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Love figures to be key part of rebuilt secondary

EAST RUTHERFORD, N.J. – Julian Love was destined to play football at Notre Dame long before he became a standout high school player. As a youngster, he accompanied his father, Detraiter, on many trips to South Bend for Fighting Irish football games.

"I grew up in the Chicago area, and he embraced the culture and saw that there was a huge connection to Norte Dame there," Love said. "He fell in love pretty quickly. He and a buddy of his took me to the games all the time. Notre Dame was the pinnacle of college football at the time. To be able to play there and break records there was pretty special."

Love first thought he would join the pantheon of great Irish offensive skill players. At Nazareth Academy near Chicago, he averaged 10.3 yards a carry and ran for 18 touchdowns, and caught 29 passes as a senior. But he was also regarded as the best defensive back prospect in the Chicago area and played on a team that was 26-2 and won state championships in his final two seasons.

"At first, I was recruited by the receivers coach, who was the area recruiter," Love said. "He saw me as a slot receiver or a running back. I was excited about it. They then saw the dynamic of their team and realized that I would be better at corner. Most schools had me at corner. I talked to the DB coach and quickly switched to corner."

It was a wise decision. In three years at Notre Dame, Love played in 38 games with 34 starts. He recorded 176 tackles (126 solo) and intercepted five passes, returning two for touchdowns. Love set a school record with 44 pass breakups and was one of three finalists for the Jim Thorpe Award, which is presented to the nation's best defensive back.

Love's move to the secondary has now benefitted the Giants, who selected him in the fourth round of the NFL Draft last week. The Giants see him as a player who can play corner and nickel back, and perhaps safety.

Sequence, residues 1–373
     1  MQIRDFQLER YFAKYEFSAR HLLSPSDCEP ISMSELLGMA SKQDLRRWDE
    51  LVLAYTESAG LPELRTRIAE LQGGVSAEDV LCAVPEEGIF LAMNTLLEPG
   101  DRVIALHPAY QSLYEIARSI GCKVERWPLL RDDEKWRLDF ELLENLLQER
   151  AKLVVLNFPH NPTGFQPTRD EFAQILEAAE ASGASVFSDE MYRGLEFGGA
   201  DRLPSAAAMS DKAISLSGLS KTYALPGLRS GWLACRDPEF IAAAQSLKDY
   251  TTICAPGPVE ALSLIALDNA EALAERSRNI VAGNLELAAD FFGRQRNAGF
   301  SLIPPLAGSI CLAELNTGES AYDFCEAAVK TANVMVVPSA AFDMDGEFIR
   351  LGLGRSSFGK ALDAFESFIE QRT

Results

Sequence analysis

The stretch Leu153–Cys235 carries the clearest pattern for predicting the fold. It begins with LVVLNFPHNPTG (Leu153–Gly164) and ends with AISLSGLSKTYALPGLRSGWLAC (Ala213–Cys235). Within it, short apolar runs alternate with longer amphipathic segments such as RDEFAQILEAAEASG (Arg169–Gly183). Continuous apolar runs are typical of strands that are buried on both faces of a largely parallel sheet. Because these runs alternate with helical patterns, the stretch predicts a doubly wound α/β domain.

"I moved around quite a bit yesterday," Love said today between practices at the Giants' rookie minicamp. "Wherever they need me, I will play. Working on some nickel, a little safety and a little corner. Just trying to be able to do it all at this point."

Love often demonstrated his versatility at Notre Dame.

"There were situations in college where if a better receiver was inside, then I would play inside," he said. It was kind of like a game day deal. I am ready. Just repping it helps. The more times you do it, the better you get."

"Sometimes if a team had a pretty good receiver going in (he would exclusively cover that receiver). If not, I pretty much stayed in the boundary. It was more into the run action because the hashes are wider in college."

Love should be a key component in what has become a radically rebuilt secondary. In March, the Giants added a new pair of starting safeties when they traded for Jabrill Peppers and signed free agent Antoine Bethea. The team drafted three cornerbacks – DeAndre Baker in the first round, Corey Ballentine in the sixth, and Love – and has Sam Beal, who was selected in the supplemental draft last year but didn't play after undergoing shoulder surgery.

Baker – who won the Jim Thorpe Award - and Love bonded before they became Giants teammates.

"I met him at the All-American Award banquet and the College Football Awards," Love said. "We were both finalists and he won, so he has that over me. We are roommates right now at the hotel. He is a good dude. We are bonding right now more and more as the days go on. He is a great guy and we are building."

"A few times before becoming Giants, we were finalists for some awards," Baker said. "I spent a weekend with him and got to know him a little bit. We kind of shelled out stories. He is a good guy and a good teammate. I am happy to be with him."

Janoris Jenkins, who started all 16 games last season, will help mentor the young cornerbacks this season. But Baker and Love could play big roles in 2019 and become bookend starters in the future.

"It will be great for us to grow in the program and help our team win games," Baker said. "Me and him in the back end would be good. We are both pretty versatile. We can adapt to any scheme and play mostly any position in the back end."

Love believes Baker and he can eventually set the tone for the entire secondary.

"We both want to win," he said. "We have that mindset where we will do what it takes to win."

Coach Pat Shurmur is excited to have them.

"We picked them for reasons, they are both very good players, but they both do things just a little bit different," Shurmur said. "Love's more of an inside player, safety type or interior type guy, who can play outside. And DeAndre is an outside corner who can play inside, so that's a good thing."

For now, Love is thrilled that he moved from college football's most visible program to the NFL's flagship franchise.

"I thought about that through this whole process," Love said. "When I got the call and the Giants were on the clock, every emotion in my heart, it was full. It is a very similar program and a very passionate fan base. It is an internationally known brand. This past year in ND it felt like a tour we were on. We traveled so much. That is the same with the Giants, and that is what we want to get back to."